Scientific Explanation Stanford Encyclopedia Of Philosophy

Scientific Explanation - Stanford Encyclopedia of Philosophy.

May 09, 2003 . Issues concerning scientific explanation have been a focus of philosophical attention from Pre-Socratic times through the modern period. However, modern discussion really begins with the development of the Deductive-Nomological (DN) model.This model has had many advocates (including Popper 1959, Braithwaite 1953, Gardiner, 1959, Nagel 1961) but ....

https://plato.stanford.edu/entries/scientific-explanation/.

Scientific Discovery - Stanford Encyclopedia of Philosophy.

Mar 06, 2014 . The argument is that scientific discovery became a problem for philosophy of science in the 19 th century, when consequentialist theories of scientific method became more widespread. When consequentialist theories were on the rise, the two processes of conception and validation of an idea or hypothesis became distinct, and the view that the ....

https://plato.stanford.edu/entries/scientific-discovery/.

Bertrand Russell - Stanford Encyclopedia of Philosophy.

Dec 07, 1995 . Russell's philosophical method has at its core the making and testing of hypotheses through the weighing of evidence. Hence Russell's comment that he wished to emphasize the "scientific method" in philosophy. His method also requires the rigorous analysis of problematic propositions using the machinery of first-order logic..

https://plato.stanford.edu/entries/russell/.

Scientific Revolutions - Stanford Encyclopedia of Philosophy.

Mar 05, 2009 . The topic of scientific revolutions has been philosophically important since Thomas Kuhn's account in The Structure of Scientific Revolutions (1962, 1970). Kuhn's death in 1996 and the fiftieth anniversary of Structure in 2012 have renewed attention to the issues raised by his work. It is controversial whether or not there have been any revolutions in the strictly ....

https://plato.stanford.edu/entries/scientific-revolutions/.

Teleological Arguments for God’s Existence - Stanford Encyclopedia ….

Jun 10, 2005 . 1. Introduction. It is not uncommon for humans to find themselves with the intuition that random, unplanned, unexplained accident just couldn't produce the order, beauty, elegance, and seeming purpose that we experience in the natural world around us. As Hume's interlocutor Cleanthes put it, we seem to see "the image of mind reflected on us from innumerable objects" ....

https://plato.stanford.edu/entries/teleological-arguments/.

Rationalism vs. Empiricism - Stanford Encyclopedia of Philosophy.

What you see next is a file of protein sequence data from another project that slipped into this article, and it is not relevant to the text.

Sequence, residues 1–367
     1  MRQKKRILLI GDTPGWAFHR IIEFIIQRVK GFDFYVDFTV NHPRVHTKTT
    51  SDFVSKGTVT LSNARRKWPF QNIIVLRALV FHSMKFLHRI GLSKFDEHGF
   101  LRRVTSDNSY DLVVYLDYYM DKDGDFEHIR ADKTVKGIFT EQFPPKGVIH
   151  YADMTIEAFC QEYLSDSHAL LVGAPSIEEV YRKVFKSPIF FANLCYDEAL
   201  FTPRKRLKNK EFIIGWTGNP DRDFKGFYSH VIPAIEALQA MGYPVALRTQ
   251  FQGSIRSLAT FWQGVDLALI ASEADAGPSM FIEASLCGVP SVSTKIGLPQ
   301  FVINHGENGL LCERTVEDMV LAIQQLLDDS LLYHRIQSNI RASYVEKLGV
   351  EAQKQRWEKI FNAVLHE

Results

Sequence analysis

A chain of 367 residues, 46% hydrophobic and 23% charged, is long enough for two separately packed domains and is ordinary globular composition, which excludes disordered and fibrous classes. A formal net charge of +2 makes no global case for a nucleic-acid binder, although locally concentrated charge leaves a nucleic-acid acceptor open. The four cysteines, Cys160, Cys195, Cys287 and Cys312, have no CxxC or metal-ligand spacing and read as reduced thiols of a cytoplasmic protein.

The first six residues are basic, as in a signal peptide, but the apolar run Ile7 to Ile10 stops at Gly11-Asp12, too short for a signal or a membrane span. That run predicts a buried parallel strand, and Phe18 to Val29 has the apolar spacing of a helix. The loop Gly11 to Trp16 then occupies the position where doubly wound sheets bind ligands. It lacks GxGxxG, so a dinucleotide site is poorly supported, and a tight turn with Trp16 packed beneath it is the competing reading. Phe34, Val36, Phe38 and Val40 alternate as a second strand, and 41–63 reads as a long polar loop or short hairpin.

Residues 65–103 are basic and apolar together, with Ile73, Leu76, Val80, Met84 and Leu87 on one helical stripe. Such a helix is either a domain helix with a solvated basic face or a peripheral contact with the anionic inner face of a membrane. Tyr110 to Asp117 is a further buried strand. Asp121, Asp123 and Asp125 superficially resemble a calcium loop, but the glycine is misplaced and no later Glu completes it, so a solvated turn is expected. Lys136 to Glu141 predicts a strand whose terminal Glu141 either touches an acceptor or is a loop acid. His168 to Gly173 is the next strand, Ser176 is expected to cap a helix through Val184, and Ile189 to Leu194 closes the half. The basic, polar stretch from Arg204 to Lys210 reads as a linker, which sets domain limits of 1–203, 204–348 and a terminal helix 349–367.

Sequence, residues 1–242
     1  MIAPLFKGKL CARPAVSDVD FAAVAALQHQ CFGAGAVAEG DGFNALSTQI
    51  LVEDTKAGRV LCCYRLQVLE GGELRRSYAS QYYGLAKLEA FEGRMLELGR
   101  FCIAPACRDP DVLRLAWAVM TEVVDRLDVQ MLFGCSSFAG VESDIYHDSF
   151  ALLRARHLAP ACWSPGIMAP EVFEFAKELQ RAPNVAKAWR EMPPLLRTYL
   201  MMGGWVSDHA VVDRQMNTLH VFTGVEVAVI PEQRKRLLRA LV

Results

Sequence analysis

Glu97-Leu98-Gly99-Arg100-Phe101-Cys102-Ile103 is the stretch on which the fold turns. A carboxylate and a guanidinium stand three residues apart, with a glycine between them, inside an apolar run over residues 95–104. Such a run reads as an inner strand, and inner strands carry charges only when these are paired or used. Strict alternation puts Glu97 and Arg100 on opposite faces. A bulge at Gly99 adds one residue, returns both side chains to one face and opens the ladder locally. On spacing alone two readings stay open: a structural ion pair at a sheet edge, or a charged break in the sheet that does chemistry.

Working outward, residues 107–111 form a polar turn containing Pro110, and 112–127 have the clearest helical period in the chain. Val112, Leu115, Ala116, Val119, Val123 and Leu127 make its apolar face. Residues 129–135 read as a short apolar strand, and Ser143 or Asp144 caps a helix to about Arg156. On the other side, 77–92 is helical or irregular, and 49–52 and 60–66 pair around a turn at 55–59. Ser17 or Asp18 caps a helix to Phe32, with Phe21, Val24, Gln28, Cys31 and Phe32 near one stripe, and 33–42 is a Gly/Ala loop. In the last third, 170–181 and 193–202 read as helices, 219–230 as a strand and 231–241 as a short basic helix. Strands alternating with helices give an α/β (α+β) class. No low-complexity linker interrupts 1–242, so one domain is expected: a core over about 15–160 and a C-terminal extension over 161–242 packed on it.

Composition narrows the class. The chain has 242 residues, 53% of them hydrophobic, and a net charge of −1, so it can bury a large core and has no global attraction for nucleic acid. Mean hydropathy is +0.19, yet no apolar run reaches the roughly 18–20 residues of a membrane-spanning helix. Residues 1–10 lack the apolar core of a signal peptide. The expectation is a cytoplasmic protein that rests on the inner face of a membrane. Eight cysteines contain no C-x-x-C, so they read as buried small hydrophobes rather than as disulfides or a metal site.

Aug 19, 2004 . The best explanation of our knowledge is that we gain it by intuition and deduction. Leibniz mentions logic, metaphysics, and morals as other areas in which our knowledge similarly outstrips what experience can provide. Judgments in logic and metaphysics involve forms of necessity beyond what experience can support. ... The Stanford ....

https://plato.stanford.edu/entries/rationalism-empiricism/.

Galileo Galilei - Stanford Encyclopedia of Philosophy.

Mar 04, 2005 . Galileo Galilei (1564-1642) has always played a key role in any history of science, as well as many histories of philosophy. He is a--if not the--central figure of the Scientific Revolution of the seventeenth century.His work in physics (or "natural philosophy"), astronomy, and the methodology of science still evoke debate after more than 400 years..

https://plato.stanford.edu/entries/galileo/.

Belief (Stanford Encyclopedia of Philosophy).

Aug 14, 2006 . The defense of physicalism was one of the driving forces in philosophy of mind in the period during which the most influential approaches to belief in contemporary analytic philosophy of mind were developed--the 1960s through the 1980s--and it was one of the principal reasons philosophers were interested in accounts of propositional attitudes ....

https://plato.stanford.edu/entries/belief/.

Naturalism (Stanford Encyclopedia of Philosophy).

Feb 22, 2007 . 1. Ontological Naturalism 1.1 Making a Causal Difference. A central thought in ontological naturalism is that all spatiotemporal entities must be identical to or metaphysically constituted by physical [] entities. Many ontological naturalists thus adopt a physicalist attitude to mental, biological, social and other such "special" subject matters..

https://plato.stanford.edu/entries/naturalism/.

Descartes’ Method - Stanford Encyclopedia of Philosophy.

Jun 03, 2020 . 1. The Origins and Definition of Descartes' Method. The origins of Descartes' method are coeval with his initiation into a radical form of natural philosophy based on the combination of mechanics, physics, and mathematics, a combination Aristotle proscribed and that remained more or less absent in the history of science before the seventeenth century (on the ....

https://plato.stanford.edu/entries/descartes-method/.

Mill’s Moral and Political Philosophy - Stanford Encyclopedia of ....

Oct 09, 2007 . State intervention and regulation, Mill thinks, is the best solution to this collective action problem. He also thinks that there are other goods for which market provision will lead to underproduction, presumably because of positive externalities, which is why he thinks that the state should subsidize scientific research and the arts (PPE V.xi ....

https://plato.stanford.edu/entries/mill-moral-political/.

Arthur Schopenhauer - Stanford Encyclopedia of Philosophy.